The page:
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Mobtown Beat

Plugging In

A Fells Point businessman wants to start the electric revolution

Christopher Myers

By Chris Landers | Posted 3/25/2009

Ray Carrier is a soft-spoken man with a vast experience in negotiating difficult bureaucracies. French-Canadian by birth, he moved to the United States in 1980. He spent the intervening years mostly overseas, as a human resources consultant, election monitor, and human rights observer in Africa and the Caribbean. Last year, after finishing a contract in Liberia, he decided to look for a job with a little more stability, and an idea for the future hit him. Actually, it just missed him.

"I was in China, visiting my wife's family," he says. "And I nearly got run over. It really woke me up to these things being everywhere."

The vehicle that surprised him was small, and almost completely silent--an electric scooter. In China, where gasoline scooters have been banned in some major cities, the scooters have become a popular way of providing cheap worker transportation without the pollution. It's an idea Carrier is hoping will take hold here, and last week he opened the doors of his electric scooter shop, Green Rider, on Broadway in Fells Point.

It wasn't a smooth journey from idea to reality. The Chinese companies have a huge market for their scooters in their own country, and Carrier found that they weren't all that interested in exporting to the small American market. Carrier spent some time looking at different factories, and found it tough going.

"I went to one of the places," he says, "and it turned out not to be a factory at all--it was just a front operation."

He turned to a Bulgarian-born engineer in Vancouver, Steve Miloshev, whose Greenwit Technologies has met with some success in Canada with its Motorino electric scooters. The Motorinos are designed and developed in Canada, but the motors are built in Taiwan and then assembled in China.

Chinese scooters have a poor reputation among scooterists compared to more established Japanese and Italian brands, but Carrier believes Miloshev has solved some of the problems with the Motorino line by keeping pressure on the Chinese factories to meet schedules and standards, and by importing enough parts to make repairs as necessary.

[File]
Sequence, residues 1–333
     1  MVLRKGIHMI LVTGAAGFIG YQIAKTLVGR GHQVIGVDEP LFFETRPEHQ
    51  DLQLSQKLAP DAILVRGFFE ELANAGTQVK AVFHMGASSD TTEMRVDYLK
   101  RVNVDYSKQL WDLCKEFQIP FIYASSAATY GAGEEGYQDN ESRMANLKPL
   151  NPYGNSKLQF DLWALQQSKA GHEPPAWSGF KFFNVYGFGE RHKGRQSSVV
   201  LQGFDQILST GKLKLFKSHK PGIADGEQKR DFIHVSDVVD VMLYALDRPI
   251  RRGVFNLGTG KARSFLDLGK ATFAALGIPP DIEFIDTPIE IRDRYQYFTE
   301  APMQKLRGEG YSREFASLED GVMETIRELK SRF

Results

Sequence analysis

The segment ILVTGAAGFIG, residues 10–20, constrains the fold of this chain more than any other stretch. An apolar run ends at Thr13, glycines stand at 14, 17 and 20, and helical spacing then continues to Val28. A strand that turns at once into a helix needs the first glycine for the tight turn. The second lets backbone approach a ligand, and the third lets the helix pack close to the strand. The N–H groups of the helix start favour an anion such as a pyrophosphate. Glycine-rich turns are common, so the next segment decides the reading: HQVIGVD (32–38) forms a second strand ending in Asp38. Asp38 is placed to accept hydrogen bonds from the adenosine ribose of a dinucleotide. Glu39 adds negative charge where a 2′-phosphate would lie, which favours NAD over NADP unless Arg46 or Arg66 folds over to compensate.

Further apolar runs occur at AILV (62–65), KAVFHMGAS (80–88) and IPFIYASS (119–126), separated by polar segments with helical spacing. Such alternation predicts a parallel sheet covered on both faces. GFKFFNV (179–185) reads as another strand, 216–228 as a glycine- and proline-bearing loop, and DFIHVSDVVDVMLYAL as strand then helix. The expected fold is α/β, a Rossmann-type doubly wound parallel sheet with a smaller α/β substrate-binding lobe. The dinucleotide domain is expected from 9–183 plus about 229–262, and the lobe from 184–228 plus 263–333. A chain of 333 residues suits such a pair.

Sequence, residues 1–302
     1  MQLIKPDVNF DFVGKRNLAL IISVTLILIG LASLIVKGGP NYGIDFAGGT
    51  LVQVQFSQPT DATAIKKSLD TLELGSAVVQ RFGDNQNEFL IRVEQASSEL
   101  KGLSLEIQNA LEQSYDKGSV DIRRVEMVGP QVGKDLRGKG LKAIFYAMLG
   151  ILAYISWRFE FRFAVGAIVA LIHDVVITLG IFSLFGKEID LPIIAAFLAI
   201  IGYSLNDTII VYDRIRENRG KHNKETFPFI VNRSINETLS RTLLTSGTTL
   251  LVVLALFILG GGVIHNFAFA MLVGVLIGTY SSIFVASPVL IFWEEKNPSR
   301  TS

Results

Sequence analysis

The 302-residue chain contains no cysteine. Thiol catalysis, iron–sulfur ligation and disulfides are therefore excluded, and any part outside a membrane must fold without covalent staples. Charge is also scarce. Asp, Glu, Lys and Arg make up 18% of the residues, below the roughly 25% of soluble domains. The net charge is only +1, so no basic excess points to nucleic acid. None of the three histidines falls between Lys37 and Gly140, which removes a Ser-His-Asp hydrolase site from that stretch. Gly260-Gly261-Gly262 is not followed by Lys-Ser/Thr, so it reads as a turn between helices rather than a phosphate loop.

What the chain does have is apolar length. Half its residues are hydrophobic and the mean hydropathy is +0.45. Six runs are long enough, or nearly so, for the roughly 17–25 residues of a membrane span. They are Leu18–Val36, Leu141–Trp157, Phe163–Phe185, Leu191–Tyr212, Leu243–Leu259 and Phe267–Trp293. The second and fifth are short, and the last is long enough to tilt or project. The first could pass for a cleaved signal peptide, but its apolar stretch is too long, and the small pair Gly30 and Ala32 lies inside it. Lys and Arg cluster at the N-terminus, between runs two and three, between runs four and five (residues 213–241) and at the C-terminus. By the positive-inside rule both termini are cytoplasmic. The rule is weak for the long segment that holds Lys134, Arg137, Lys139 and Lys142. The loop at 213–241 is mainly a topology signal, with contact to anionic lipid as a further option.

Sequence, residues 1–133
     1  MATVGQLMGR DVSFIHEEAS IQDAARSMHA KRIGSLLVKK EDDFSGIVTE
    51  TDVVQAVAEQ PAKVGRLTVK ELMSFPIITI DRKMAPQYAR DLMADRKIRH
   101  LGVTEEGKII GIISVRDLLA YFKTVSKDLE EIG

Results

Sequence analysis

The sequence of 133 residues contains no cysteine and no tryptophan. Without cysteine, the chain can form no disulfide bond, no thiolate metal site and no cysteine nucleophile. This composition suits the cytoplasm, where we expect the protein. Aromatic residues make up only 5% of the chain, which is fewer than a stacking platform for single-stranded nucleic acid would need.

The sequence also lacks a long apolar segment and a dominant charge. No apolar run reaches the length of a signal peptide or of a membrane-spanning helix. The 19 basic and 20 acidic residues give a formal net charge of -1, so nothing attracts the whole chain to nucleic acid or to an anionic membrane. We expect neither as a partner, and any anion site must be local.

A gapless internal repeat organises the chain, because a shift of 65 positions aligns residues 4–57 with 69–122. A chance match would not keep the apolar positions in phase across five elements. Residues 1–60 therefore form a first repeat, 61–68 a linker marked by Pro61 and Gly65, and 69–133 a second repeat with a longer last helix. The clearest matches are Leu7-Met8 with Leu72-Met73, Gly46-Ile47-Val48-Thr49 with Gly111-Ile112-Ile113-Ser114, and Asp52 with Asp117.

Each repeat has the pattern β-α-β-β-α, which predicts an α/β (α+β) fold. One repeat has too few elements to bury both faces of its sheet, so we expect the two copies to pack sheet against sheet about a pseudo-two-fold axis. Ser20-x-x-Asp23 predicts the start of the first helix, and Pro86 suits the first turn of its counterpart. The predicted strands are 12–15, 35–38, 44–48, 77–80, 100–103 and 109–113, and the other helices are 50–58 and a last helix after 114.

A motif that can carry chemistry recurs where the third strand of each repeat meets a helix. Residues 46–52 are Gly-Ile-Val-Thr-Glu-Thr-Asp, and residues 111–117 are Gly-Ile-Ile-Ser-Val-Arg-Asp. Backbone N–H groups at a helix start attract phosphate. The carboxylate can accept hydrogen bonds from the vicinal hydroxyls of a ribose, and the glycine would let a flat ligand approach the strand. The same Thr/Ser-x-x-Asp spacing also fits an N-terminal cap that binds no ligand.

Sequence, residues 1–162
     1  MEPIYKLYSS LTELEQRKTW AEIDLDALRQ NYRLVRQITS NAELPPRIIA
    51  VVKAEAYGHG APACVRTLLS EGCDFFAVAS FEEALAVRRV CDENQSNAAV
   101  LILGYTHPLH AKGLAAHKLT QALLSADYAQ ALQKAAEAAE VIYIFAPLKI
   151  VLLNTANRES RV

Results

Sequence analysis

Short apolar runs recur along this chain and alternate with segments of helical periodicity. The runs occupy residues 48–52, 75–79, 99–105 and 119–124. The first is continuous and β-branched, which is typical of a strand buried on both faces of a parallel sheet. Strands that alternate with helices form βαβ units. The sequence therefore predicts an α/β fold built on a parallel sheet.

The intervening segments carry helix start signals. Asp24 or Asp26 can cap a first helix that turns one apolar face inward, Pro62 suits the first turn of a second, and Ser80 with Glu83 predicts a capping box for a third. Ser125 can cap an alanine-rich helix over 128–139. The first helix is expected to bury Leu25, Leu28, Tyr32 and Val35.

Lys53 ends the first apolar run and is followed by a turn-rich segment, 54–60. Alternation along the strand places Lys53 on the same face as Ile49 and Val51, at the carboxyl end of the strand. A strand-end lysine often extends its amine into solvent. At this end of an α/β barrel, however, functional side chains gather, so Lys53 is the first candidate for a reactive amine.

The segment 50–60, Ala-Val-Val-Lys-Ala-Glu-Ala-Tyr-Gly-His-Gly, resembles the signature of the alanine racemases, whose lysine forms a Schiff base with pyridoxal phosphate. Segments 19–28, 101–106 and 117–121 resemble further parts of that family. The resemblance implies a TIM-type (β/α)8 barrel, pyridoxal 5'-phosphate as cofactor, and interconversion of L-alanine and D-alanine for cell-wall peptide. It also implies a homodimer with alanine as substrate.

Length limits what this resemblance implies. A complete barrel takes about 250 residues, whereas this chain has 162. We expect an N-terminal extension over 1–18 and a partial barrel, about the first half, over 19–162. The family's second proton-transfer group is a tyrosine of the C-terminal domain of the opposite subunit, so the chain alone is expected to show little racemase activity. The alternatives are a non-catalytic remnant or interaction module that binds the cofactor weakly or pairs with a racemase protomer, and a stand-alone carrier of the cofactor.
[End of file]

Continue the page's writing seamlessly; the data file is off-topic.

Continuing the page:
Carrier's first shipment--a container-load of around 48 bikes--arrived about two weeks ago, and he and mechanic Rob Green were still removing the plastic wrap from the bikes on the narrow showroom floor and watching the door for customers as Fells Point geared up around them for St. Patrick's day.

Motorino scooters are classified as low-speed vehicles--similar to mopeds under the law--and no special license is required to drive them. They are limited to a top speed of 20 miles per hour, and manufacturers say they should get 30 miles between charges, with space in some models for an additional battery to extend the range. They sell for around $2,000, depending on the model, and Carrier is trying to set up financing for customers (another hurdle, as he hasn't been able to find a company that deals with loans low enough for the price of his vehicle). He hopes to rent the scooters at the Fells Point shop as well. Carrier's Vancouver supplier has started producing electric bicycles, which he plans to add to the showroom, and a larger, faster, electric motorcycle is on the horizon.

Last year, after searching unsuccessfully for a conventional business loan, Carrier found a backer in Baltimore's Abell Foundation. Abell president Robert Embry took a trip to see the scooters himself, and agreed to help Carrier with his first shipment of imports.

"Shifting to all-electric has great environmental and national security implications," Embry says. "There really isn't an electric car that has any wide appeal, nor does there appear to be one on the near horizon. So this appeared to be a good step, and it's very inexpensive--it enables low-income people to get to jobs who couldn't afford a car. It seemed worthwhile to see if it met with popular acceptance."

Jason Sullivan, who heads Fells Point Main Street, a business organization serving the Fells Point neighborhood, says it's been a tough time for the area--a combination of the post-holiday season and the broader economic downturn have had an impact on businesses--but he points to Green Rider and other businesses opening their doors, and a planned Marketplace development at the foot of Broadway, as signs of hope for the future.

"It has been a tough couple of months--you've probably heard about some places closing," Sullivan says, "but we've been around a long time. Fells Point's going to weather the storm."

Carrier also has support from the local environmentalist community, in the person of his long-time friend Kevin Zeese, the activist and occasional Green Party political candidate who's currently heading up the non-profit Campaign for Fresh Air and Clean Politics. In response to an e-mail about Green Rider and Carrier, Zeese sends back a mini-essay.

"Green Rider has the potential to be the beginning of transforming transportation in urban areas and beyond," Zeese writes. "The bikes are affordable for many more people than the $20,000 and up cars that are available. They are clean and they are quiet. . . . It could be the first step toward the new, clean, affordable transit that is so desperately needed."

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